7. Use pre-work – a lot: Deep dives and detailed presentations during virtual meetings are mind-numbing. When you must share detail, plan accordingly. Create slide decks or white papers and insist team members to read them in advance. Then, use your virtual meeting to dig into key details, to make decisions or to resolve issues uncovered in the pre-work.
8. Pay attention to time zones: I worked for a manager once, based in NJ, who led a global team. He preferred morning meetings. That worked for the team members in Europe, who were 5 or 6 hours ahead of us. Even our colleagues in Asia weren’t too inconvenienced so long as we met in the early morning, NJ time. Our poor Australia-based, colleagues, however, paid dearly. They were up in the middle of the night every other week to attend these meetings. Their resentment built and it eventually led to some difficult conversations. If you are working with a global team, be flexible with your meeting times and do your best to regularly shift the burden of off-hour meetings.
9. Contract for how you will facilitate: When I facilitate virtual meetings, my team is going to hear from me more often than when we are face-to-face. I can become down-right annoying with my regular, small check-ins and redirections. But, they’re necessary. So, I am very clear up front that this is what the group should expect. Tell your group before you begin that you are going to be a more active facilitator than at other times, and that you may even interrupt them from time to time. They will appreciate it and your meeting will benefit.
10. Be an active facilitator: As suggested in #9, virtual interactions benefit from well-planned, active facilitation. Think about your meeting topics, which ones are likely to be contentious, which ones you expect to flow smoothly. Then, plan to facilitate accordingly. On a piece of paper, sketch out a virtual table with attendees around it. Keep track of who’s contributing and who isn’t. Don’t be shy about inviting less outspoken people into discussions. Nor should you hesitate to redirect when one participant is holding the floor too long. The key is to keep up a good pace and to keep your team engaged throughout.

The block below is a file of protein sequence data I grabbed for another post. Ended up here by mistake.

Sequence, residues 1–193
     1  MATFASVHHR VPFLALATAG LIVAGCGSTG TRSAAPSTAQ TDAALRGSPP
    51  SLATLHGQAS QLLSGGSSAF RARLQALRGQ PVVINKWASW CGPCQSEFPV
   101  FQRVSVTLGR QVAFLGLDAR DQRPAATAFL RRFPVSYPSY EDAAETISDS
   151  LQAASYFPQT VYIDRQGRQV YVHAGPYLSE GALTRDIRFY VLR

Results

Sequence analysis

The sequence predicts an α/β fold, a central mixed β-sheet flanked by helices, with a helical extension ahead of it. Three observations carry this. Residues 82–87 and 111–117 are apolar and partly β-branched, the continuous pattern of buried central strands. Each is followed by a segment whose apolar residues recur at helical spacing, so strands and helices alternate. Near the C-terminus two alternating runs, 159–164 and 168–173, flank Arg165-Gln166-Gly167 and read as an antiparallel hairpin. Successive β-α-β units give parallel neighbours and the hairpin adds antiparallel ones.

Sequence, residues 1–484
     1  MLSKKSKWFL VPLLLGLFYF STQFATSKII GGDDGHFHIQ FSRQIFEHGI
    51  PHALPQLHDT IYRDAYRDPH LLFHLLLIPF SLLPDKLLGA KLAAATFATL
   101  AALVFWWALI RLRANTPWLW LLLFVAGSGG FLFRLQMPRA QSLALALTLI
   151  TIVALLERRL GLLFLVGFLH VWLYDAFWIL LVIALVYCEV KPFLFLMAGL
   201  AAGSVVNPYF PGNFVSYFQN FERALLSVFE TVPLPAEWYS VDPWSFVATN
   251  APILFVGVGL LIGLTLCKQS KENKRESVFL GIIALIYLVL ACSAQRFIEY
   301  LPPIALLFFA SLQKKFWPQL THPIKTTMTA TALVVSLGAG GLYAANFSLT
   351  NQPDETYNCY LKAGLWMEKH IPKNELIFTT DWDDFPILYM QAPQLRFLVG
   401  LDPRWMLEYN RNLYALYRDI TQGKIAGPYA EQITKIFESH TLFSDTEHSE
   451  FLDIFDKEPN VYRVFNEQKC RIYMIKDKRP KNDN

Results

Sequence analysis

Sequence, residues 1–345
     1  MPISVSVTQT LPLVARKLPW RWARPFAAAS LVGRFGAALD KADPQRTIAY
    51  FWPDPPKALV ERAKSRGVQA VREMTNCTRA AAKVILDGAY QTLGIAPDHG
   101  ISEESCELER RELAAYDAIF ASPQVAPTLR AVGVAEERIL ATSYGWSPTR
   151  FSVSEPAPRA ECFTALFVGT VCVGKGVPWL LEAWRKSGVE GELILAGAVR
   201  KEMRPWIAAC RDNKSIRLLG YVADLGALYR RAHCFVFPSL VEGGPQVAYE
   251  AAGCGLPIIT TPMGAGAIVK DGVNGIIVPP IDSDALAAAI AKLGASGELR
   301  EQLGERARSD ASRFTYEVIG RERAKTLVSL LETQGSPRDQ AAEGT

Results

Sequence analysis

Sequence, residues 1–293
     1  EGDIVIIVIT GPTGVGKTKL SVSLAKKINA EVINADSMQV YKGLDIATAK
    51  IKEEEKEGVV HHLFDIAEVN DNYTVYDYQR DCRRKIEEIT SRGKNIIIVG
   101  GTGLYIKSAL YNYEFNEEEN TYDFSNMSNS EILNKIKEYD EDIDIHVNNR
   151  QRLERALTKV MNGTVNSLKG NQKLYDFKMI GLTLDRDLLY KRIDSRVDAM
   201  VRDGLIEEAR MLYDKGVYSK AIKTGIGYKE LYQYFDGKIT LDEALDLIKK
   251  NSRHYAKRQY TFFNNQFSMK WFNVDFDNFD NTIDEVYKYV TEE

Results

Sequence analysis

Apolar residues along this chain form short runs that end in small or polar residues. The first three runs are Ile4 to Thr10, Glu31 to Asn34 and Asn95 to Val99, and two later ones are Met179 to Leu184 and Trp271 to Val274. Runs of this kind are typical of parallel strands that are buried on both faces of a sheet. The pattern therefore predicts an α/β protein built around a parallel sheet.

11. Do regular check-ins: We are all prone to distraction. While on a team call or video, we check our inbox, polish up a presentation or text with a loved one. It’s going to happen. To minimize the impact of these inevitable distractions, every 15 minutes or so, if you haven’t heard from everyone, mention a name and ask how that person is doing. “Carlos, how’s it going today? You hanging in there?” Keep it gentle and non-accusatory while letting people know that their involvement matters.
12. Know when to take things off-line: Conflict is hard enough when it’s F2F. It gets much riskier when it arises in a group working remotely. Even with video technology, we can’t read body language accurately. Nor do we pick up on subtle vocal intonations. The fact that there is a team of people witnessing the conflict only adds pressure. If a conflict arises during a virtual meeting and doesn’t resolve within a few minutes (not more than 5 minutes is my rule of thumb) consider inviting those involved to take it off-line. If the conflict must be settled for the meeting to progress, consider pausing the meeting. Let those not involved go tend to other things so that the parties to the conflict can address their differences in the moment. Reconvene when you’ve gotten things sorted.
Virtual collaboration and meetings are substantially different from working together face-to-face. Keep those differences in mind; be sure to set aside time to plan and be willing to keep your hand firmly on the tiller as you navigate virtual meetings. If you do, you can expect smooth sailing and better outcomes.